Canadians cash in early on in Fort Worth

FORT WORTH — Round one of the Southwestern Exposition and Livestock Show, also known as the Fort Worth Stock Show and Rodeo has already concluded in the tie-down roping and steer wrestling, leaving a couple Canadians in the money.

Matt Mousseau of Dashwood, ON split first in the steer wrestling in round one of Fort Worth with a 3.9 second time worth $5,346. When tallied, the Ontario cowboy should slide inside the PRCA’s top ten in the world steer wrestling standings. Also in the money in the bull-dogging in round one of Fort Worth was Reserve Canadian Champion Dustin Walker, splitting seven for $580 towards the standings.

At this point, Straws Milan sits 17th in the world after a win the first week of January in Odessa, TX.

2013 Canadian Tie-Down Roping Champion and NFR Qualifier Timber Moore cashed a check for third in the first round in Fort Worth. A time of 8.7 earned Moore $4,464 which comes at a good time as he’s not in the top 50 according to at this time.

Bareback rider Orin Larsen of Manitoba sits in the lead of round two and fourth in the aggregate however lots of rodeo still remains. Ty Taypotat and Colin Adams have a third horse to attempt today for a shot at overtaking Larsen’s spot and potentially the lead. Both men also sit high in rounds currently.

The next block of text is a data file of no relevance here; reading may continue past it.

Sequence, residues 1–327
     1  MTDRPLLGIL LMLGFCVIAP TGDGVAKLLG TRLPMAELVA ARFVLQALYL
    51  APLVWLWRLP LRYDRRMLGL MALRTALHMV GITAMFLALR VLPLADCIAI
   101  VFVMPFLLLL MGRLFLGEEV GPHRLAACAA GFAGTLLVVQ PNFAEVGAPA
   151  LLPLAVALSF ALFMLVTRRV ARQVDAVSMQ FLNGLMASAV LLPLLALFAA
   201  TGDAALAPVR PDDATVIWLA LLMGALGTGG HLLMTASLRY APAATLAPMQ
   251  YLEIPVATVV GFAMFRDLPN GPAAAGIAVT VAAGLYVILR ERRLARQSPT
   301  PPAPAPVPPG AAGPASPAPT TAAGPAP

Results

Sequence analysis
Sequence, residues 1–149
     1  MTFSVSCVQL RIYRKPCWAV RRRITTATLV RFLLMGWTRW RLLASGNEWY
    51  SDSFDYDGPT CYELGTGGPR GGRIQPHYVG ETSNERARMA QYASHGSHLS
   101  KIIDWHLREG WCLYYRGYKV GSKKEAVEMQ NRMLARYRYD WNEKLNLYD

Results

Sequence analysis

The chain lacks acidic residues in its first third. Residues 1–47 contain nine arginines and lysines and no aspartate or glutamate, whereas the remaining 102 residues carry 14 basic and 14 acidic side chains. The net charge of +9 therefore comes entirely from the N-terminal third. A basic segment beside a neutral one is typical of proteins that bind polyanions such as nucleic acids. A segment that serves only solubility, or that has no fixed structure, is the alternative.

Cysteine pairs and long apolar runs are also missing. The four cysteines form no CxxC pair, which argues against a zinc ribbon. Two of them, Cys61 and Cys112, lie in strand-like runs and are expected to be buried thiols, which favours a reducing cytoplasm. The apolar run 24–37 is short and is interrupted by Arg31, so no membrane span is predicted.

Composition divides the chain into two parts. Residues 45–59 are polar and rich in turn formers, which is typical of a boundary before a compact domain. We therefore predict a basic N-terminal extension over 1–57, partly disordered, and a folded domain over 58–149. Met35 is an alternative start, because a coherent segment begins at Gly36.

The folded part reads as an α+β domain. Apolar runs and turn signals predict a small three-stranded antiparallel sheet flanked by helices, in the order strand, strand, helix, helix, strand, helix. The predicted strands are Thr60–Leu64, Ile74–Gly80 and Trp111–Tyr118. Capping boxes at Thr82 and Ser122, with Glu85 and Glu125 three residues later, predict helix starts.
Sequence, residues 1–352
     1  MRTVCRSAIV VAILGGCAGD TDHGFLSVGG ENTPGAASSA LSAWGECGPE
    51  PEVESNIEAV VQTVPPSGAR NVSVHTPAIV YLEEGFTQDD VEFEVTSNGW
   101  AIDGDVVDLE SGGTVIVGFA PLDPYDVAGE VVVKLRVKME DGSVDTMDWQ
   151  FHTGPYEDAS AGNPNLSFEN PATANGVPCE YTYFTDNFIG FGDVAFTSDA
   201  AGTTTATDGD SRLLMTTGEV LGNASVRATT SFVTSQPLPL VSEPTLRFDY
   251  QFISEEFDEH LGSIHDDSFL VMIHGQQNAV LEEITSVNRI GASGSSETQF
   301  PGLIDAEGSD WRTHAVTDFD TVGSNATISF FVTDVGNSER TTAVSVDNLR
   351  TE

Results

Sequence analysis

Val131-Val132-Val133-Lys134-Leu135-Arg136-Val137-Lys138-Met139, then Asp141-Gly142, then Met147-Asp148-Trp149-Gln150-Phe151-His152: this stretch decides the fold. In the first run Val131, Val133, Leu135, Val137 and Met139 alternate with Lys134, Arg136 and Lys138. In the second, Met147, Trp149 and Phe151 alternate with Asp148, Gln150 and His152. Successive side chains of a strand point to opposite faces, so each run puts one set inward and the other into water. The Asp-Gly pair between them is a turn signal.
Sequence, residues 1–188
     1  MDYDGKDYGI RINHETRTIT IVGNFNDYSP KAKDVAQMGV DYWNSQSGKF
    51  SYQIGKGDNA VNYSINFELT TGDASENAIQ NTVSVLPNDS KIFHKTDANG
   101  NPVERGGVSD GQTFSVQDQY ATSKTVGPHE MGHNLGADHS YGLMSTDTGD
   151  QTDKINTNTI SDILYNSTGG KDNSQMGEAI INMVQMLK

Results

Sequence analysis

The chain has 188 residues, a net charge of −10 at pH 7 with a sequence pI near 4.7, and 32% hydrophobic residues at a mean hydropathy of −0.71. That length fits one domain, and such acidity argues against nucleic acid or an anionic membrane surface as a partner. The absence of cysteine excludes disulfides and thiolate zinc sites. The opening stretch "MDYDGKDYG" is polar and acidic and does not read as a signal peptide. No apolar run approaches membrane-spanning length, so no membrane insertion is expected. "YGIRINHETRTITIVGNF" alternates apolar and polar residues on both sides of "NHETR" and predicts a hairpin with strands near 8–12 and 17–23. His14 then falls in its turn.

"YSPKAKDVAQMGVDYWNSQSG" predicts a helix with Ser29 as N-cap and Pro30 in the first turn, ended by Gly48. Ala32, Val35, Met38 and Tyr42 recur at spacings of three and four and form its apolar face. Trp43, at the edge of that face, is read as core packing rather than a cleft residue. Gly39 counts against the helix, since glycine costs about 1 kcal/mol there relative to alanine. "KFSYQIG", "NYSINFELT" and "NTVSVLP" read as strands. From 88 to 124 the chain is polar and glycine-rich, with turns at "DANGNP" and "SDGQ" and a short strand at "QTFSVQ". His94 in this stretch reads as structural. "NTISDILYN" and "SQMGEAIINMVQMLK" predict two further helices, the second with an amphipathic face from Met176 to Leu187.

In the barrel racing, Deb Guelly is tied for the lead in round one with a time of 16.67 seconds.

Tie-Down Turmoil

There’s been a whole lot of fuss over a said rule change in the PRCA in the tie-down roping. Scott Fischer wrote this article in the Calgary Sun explaining the side of Tuf Cooper with a tweet from Fred Whitfield.

The PRCA released this statement today. 

I don’t know the whole story yet however I have sure seen a lot of negativity. I’m not sure what the said rule change exactly would mean however the following rule has been in effect in the CPRA for at least a couple years now as this was published in the 2013 rulebook.

If a calf is jerked down by the horse with the first jerk of the rope which is used when the calf is caught, the contestant will be disqualified. A jerk down means that a calf is jerked over backwards between ten (10) and two (2) on a standard clock or between thirty (30) and one hundred and fifty (150) degrees. At a rodeo with three (3) or more judges, one (1) judge other than the flagman will call the jerk down rule. At a two (2) judge rodeo, the flagger will call the jerk down.

I’d like to know what the issue is. After reading the statement from the PRCA I don’t think things are as negative as they were first made out to be.

Weigh in with your comments below as I am for sure not an expert on this issue. I’d like to hear both sides of the story while keeping things positive.



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1 Response

  1. Brooke

    I don’t really understand what the issue is. I’m in California and the California rodeos already have a no jerk down rule in place. A guy got a no time last year at one of the rodeos as a result. Don’t get what the fuss is. They make it seem like it is something completely different they will have to deal with. It clearly isn’t. There are rodeos that have already implemented the no jerk down rule.

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